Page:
- Initiative and creativity in the design or modification of courses in the curriculum.
Evaluation of the candidate's skills in the area of teaching will be influenced by such factors as classroom visits by selected tenured faculty, assessment of student evaluations, publications or oral presentations by the candidate on pedagogical themes, participation in extra-curricular activities augmenting and enriching the classroom experience of students, participation on honors and master of arts thesis committees and doctor of philosophy dissertation committees, and the nomination for or conferral of teaching awards on the candidate.
Scholarship. To merit the strongest consideration, the candidate is expected to have published a book-length work of sufficiently high quality and originality to serve as proof of the candidate’s capacity for engaging intellectually challenging interaction with students and colleagues. Otherwise the candidate should have such work in galleys, completed except for minor revisions by a reputable press that publishes respected academic monographs. The press should be one that is approved and well considered by the candidate’s readers.
In addition, the candidate is expected to have had published or accepted for publication several articles that would demonstrate on-going research indicative of the candidate's successful transition from the postgraduate level of scholarship to that of the level expected of tenured faculty. Preference in this category will be given to articles published in or accepted by first-tier, refereed professional journals (in printed, on-line or other electronic medium).1
In regard to the format of the scholarship in question, the voting faculty will take into account the fact that faculty in the various areas of language and culture studies may communicate with one another in ways that are distinctive to a given sub-discipline. Thus scholarship in the areas of pedagogy and linguistics, in which economy and generality of exposition and an empirical approach to the subject are traditional hallmarks, is most likely to take the form of articles, rather than of book-length studies, whereas work in such areas as cultural history, literary analysis, and comparative literature lends itself to more extended and discursive forms of exposition. The members voting on promotion and tenure will ensure that scholarship in the form of articles will be of sufficient number and depth to be considered at least equivalent to the published research taking the form of high-quality research monographs or combinations of monographs and articles.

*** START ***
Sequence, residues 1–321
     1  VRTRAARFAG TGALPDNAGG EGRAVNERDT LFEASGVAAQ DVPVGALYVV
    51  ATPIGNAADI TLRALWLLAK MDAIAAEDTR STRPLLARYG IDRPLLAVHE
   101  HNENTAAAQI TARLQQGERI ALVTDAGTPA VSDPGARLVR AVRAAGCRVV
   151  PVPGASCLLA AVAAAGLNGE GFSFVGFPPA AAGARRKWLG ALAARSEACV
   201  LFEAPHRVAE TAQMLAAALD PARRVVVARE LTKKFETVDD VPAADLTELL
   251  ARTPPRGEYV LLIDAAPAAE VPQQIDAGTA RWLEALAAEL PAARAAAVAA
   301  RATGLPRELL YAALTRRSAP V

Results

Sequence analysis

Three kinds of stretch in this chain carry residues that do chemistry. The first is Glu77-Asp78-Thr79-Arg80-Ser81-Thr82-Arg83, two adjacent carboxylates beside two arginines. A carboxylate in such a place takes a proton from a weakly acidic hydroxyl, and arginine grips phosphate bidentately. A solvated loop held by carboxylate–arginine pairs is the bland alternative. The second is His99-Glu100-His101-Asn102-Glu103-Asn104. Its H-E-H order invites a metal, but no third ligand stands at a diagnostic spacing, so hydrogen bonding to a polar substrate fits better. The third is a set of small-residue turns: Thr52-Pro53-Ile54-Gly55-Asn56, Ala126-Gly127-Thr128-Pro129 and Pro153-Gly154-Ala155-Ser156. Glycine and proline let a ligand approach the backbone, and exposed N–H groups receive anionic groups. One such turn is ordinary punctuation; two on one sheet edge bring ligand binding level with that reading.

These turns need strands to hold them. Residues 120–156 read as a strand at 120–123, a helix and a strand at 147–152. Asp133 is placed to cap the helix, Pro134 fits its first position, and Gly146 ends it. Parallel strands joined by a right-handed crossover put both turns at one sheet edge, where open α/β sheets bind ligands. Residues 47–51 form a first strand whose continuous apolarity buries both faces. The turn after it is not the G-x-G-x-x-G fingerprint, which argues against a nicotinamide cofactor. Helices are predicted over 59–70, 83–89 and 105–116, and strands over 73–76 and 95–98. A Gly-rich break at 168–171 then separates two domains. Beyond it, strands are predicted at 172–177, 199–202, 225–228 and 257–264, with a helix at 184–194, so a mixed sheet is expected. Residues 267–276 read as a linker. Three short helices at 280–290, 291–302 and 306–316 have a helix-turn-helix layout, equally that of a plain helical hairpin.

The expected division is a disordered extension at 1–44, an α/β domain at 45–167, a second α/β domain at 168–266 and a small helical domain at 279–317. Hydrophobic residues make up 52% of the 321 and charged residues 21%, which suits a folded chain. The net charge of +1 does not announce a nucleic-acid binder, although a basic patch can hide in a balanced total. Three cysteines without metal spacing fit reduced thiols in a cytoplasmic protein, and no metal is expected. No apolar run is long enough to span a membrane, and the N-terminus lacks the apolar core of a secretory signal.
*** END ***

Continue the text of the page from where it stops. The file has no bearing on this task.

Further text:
The candidate's scholarship will be evaluated by at least four and no more than eight external evaluators, who will be selected by the Chair in consultation with the Evaluation Committee.Two external evaluators will be chosen from a list submitted by the candidate.
The Evaluation Committee, in making its recommendation on a tenure candidacy, will take into consideration the progress of the candidate's scholarship since the third-year continuance review.
Service. The recommendation on granting tenure is based mainly on the candidate's proven record in teaching and research. For that reason, MCL tries to relieve faculty in the probationary period of the burden of service obligations. What the voting faculty will look for in this category is a willingness on the part of the candidate to participate constructively, even if in a necessarily limited way, in the operation of the candidate's unit and of the Department as a whole. It may happen that junior faculty members find themselves saddled with duties that cannot be shifted to staff members and which are not compensated for by reduction in teaching loads. In such instances the members may take into consideration such additional service burdens as a contributing factor in their assessments of the progress made by the member in question, while at the same time being clear that one’s contributions in the area of service can never be a major factor in promotion and the granting of tenure.
Guidelines for Promotion from Associate Professor to Professor